October 17, 2014, by Peter Brewitt
Concrete Progress is an ongoing series of columns by Peter Brewitt devoted to exploring America’s infrastructure. It is part of Orion’s Reimagining Infrastructure project. Photographs courtesy of NOAA Fisheries West Coast and Mark Edley.
It’s a long drive down the coast from Santa Cruz to LA, but the heart-lifting sweep of Pacific Ocean away to the right makes the miles roll by as easily as the waves. The coast is only lightly developed for long stretches—rugged cliffs lend themselves to BMW ads but not to towns—and the ocean-scape is only broken by sea stacks, foam, and the occasional gray whale.
But when you approach Santa Barbara, oil rigs* jut from the water like pimples on an eighth-grader. This is where our energy infrastructure begins, with enormous steel islands drilling almost a mile under the seabed. Sometimes, as you surely know, they rupture: in 1969, one of them leaked three or four million gallons of crude oil onto beaches and helped kickstart the environmental movement. There are twenty-seven such rigs bobbing off the California coast—operated by Chevron, Exxon, and smaller firms—and while they’re mostly well-maintained, the question remains: when the well goes dry, what should we do with the gear? In recent years, a movement has begun in coastal states from the Gulf of Mexico to the Pacific Ocean to turn these oil suckers into artificial reefs.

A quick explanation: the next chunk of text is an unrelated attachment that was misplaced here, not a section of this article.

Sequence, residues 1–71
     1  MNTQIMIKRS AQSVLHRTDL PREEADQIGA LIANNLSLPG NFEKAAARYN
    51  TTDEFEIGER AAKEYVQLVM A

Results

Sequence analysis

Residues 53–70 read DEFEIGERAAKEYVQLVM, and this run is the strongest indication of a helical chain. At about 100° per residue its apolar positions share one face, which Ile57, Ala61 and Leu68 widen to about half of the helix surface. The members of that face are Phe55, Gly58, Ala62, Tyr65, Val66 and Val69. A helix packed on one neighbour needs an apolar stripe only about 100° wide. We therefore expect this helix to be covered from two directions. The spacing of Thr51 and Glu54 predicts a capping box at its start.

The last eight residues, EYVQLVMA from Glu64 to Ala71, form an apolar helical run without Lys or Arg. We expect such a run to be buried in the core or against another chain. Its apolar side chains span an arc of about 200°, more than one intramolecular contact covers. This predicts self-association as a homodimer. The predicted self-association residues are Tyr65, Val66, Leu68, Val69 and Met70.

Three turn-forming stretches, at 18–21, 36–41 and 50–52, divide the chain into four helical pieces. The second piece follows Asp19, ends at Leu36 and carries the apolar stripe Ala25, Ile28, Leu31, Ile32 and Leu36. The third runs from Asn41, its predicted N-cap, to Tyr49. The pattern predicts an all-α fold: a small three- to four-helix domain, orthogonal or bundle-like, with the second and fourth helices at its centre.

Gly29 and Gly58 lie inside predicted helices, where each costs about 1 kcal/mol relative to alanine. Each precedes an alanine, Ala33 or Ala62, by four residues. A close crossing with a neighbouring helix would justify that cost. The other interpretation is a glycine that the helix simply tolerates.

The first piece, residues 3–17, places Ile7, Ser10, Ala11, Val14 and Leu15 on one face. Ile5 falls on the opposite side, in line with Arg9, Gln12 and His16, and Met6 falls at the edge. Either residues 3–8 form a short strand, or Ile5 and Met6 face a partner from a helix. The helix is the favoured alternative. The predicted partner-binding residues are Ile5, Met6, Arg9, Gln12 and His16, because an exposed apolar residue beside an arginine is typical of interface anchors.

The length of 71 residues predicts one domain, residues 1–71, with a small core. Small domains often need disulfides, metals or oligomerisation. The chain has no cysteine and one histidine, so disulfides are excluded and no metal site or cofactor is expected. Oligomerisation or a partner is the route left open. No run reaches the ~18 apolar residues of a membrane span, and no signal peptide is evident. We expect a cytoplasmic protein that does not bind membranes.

While it would be better for the environment not to drill at all, that’s not the question here. This stuff has already been built. Now that it’s getting old, is it better to blow the platforms off of their anchors, tow the metal out, and scrap it someplace? Or is it better to simply let nature assert its claim?